(Reuters) – The U.S. women’s national team will face Australia, Sweden and New Zealand at this summer’s Tokyo Olympics, while in the men’s competition 2016 winners Brazil will take on Germany following the group stage draw on Wednesday.
The American women’s team are the reigning world champions and four-time winners of the Olympic tournament and will start as favourites in Tokyo, with Rio 2016 winners Germany failing to qualify.
Team GB women have drawn 2016 bronze medallists Canada, Chile and hosts Japan. Making only their second Olympic tournament appearance, Team GB will be led by England’s interim coach Hege Riise.
On the men’s side, Brazil will take on Germany, Ivory Coast and Saudi Arabia.
Mexico, the 2012 gold medallists, were pitted against hosts Japan, South Africa and France.
The men’s team are usually restricted to selecting players under the age of 23, with just three overage players allowed.
However, the age bracket has been raised for the Tokyo Games in line with the one-year postponement of the event due to the COVID-19 pandemic.
(Reporting by Hardik Vyas in Bengaluru; Editing by Christian Radnedge)
Rafael Nadal rallies from set down to advance in Barcelona
Top seed Rafael Nadal rallied from a set back to beat Ilya Ivashka of Belarus 3-6, 6-2, 6-4 on Wednesday in the second round at the Barcelona Open in Spain.
Nadal lost serve in the opening game of the match and wasn’t able to break Ivashka’s serve throughout the first set. He won just 70.6 percent of points on his first serve, was broken twice and had two double faults in an uncharacteristically poor showing on service in the opening set.
By the second set, he had righted his serve, winning 86.7 percent of points on his first serve in the second set and 83.3 percent in the third. He didn’t face a break point in either set.
In other action, No. 2 seed Stefanos Tsitsipas of Greece, No. 3 Andrey Rublev of Russia, No. 4 Diego Schwartzman of Argentina, No. 6 Pablo Carreno Busta of Spain and No. 10 Felix Auger-Aliassime of Canada were among those advancing.
No. 9 Fabio Fognini of Italy defaulted for verbal abuse. He was losing 6-0, 4-4 to Zapata Miralles of Spain when the line judge reported him for swearing after a foot fault. He had been warned earlier in the match
Top seed and home-country favorite Novak Djokovic needed just 68 minutes to top South Korean Soon-woo Kwon 6-1, 6-3 and advance to the quarterfinals in Belgrade, Serbia.
Djokovic capitalized on five of his eight service break opportunities in the win. In the next round, he’ll meet fellow Serb Miomir Kecmanovic, the eighth seed, who needed three sets to oust Arthur Rinderknech of France 6-3, 3-6, 6-3.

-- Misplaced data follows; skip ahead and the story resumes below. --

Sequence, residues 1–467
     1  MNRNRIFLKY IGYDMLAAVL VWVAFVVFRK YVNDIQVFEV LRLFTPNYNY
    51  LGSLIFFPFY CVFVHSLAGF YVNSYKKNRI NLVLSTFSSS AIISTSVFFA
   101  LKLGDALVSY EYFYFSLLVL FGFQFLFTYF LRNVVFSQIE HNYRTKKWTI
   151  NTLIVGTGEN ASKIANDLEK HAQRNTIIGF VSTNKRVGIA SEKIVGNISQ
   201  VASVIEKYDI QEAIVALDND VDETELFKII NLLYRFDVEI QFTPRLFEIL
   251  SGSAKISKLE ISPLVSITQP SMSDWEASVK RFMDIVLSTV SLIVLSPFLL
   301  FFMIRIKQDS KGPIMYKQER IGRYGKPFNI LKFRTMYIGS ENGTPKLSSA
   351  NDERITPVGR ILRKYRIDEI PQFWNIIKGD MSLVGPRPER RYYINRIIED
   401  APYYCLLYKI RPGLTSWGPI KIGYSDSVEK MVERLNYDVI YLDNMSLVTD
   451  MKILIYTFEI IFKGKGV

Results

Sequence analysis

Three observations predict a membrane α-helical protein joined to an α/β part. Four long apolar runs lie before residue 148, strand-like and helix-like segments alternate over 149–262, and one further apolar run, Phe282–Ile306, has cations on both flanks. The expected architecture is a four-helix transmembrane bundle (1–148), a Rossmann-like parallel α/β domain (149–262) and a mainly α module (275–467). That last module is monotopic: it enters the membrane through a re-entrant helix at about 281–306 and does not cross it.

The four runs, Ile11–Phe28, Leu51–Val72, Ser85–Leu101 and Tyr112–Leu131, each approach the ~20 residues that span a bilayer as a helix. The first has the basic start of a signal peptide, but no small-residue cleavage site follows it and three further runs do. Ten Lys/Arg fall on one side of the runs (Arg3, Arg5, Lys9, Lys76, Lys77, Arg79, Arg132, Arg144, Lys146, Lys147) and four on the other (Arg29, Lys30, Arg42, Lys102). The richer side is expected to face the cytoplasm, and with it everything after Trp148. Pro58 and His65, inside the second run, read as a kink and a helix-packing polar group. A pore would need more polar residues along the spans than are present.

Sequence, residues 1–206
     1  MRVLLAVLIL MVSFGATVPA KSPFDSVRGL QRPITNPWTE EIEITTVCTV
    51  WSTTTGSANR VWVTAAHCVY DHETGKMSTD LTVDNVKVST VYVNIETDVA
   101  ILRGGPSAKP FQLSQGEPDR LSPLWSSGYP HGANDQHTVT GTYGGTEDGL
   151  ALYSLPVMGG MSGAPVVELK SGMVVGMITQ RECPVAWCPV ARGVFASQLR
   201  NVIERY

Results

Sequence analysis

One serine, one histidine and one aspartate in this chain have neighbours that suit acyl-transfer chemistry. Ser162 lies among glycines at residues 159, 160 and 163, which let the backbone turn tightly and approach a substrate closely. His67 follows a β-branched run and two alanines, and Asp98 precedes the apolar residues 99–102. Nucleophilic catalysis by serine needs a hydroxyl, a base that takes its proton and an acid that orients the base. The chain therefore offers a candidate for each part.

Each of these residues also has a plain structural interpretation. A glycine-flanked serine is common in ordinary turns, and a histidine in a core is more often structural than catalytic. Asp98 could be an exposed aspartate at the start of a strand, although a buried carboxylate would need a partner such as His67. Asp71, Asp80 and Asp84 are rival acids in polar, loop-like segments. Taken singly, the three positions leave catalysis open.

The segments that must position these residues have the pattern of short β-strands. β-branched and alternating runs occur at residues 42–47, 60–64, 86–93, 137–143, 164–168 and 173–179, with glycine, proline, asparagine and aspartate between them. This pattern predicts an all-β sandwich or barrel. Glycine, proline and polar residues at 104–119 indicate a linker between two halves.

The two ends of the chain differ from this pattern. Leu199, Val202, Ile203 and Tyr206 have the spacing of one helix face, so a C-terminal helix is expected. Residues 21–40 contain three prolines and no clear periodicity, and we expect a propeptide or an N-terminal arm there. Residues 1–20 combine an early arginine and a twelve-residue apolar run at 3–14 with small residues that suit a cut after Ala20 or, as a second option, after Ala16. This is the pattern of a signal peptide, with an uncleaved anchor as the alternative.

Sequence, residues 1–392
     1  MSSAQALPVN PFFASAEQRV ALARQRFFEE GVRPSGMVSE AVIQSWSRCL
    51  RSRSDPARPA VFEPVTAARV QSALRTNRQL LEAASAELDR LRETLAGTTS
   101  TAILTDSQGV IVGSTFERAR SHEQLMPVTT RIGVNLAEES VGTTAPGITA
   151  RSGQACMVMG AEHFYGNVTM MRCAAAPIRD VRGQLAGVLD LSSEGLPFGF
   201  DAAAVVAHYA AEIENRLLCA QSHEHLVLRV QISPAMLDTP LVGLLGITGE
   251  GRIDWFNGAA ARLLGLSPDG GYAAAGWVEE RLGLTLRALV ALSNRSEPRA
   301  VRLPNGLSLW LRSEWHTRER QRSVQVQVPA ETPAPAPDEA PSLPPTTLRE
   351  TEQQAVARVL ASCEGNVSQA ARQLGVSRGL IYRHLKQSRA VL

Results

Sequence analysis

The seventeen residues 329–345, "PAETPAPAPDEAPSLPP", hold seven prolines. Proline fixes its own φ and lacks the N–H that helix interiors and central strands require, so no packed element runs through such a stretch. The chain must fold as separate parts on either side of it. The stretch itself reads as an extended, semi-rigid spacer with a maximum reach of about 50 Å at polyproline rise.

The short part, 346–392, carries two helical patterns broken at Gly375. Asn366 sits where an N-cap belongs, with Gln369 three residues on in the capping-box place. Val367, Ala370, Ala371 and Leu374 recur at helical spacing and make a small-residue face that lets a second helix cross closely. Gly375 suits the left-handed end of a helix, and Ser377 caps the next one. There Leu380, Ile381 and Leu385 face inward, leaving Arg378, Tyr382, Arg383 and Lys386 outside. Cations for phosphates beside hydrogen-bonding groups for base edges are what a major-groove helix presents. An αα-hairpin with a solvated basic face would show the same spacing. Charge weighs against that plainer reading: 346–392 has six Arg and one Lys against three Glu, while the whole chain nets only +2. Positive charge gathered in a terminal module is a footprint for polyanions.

Also advancing was the No. 2 seed, Matteo Berrettini, who defeated fellow Italian Marco Cecchinato 6-4, 6-3. Fifth seed Filip Krajinovic beat Nikola Milojevic 6-1, 6-1 in an all-Serb match.
(Field Level Media)
Ice hockey-Women’s world championships cancelled due to COVID-19
(Reuters) -The women’s ice hockey world championships set to be played in Halifax and Truro, Nova Scotia have been cancelled because of a surge in COVID-19 cases in Canada, Hockey Canada said on Wednesday.
The announcement came one day before the 10 teams were to arrive to begin their quarantine ahead of the May 6-16 tournament.
“This is very disappointing news to receive with just a few weeks until the tournament was to begin,” said International Ice Hockey Federation president Rene Fasel in a statement.
“We strongly believe that we had the adequate safety measures in place. In the end, we must accept the decision of the government.”
The IIHF and Hockey Canada were informed by the Nova Scotia provincial government on Wednesday that the 10-country tournament could not go ahead due to safety concerns associated with COVID-19.
Still the news came as a shock after Nova Scotia’s chief medical officer had 24 hours earlier given the event the thumbs- up.
“At five o’clock this morning we were full go and at 7:30 am we were not,” explained Hockey Canada chief executive officer Tom Renney. “That is the way the world is right now and there is only so much we can control.
“At the end of the day there is a bigger game than the one we play here and quite honestly it is about the safety of the general public.”
The cancellation was another blow for the women’s game that has endured a number of recent setbacks, including the folding of the Canadian Women’s Hockey League.
It was also the second consecutive year the Nova Scotia world championships have been stopped by COVID-19.
“Definitely, a little bit of disbelief, a little shock, a lot of emotion,” said Canadian coach Gina Kingsbury, who pulled some players off the ice to deliver the bad news. “This is a group that has been through a lot this past year and two years so they are definitely familiar with disappointing news.”
Both the IIHF and Hockey Canada indicated they plan to play the world championships this year, possibly this summer, in Canada.
“Our intention, and that of the IIHF, is to reconnect with this event as a world championship in 2021 in Canada,” said Renney. “That’s our number one objective. We have every desire to hold this event in Canada.”
(Reporting by Steve Keating in Toronto, Editing by Ed Osmond)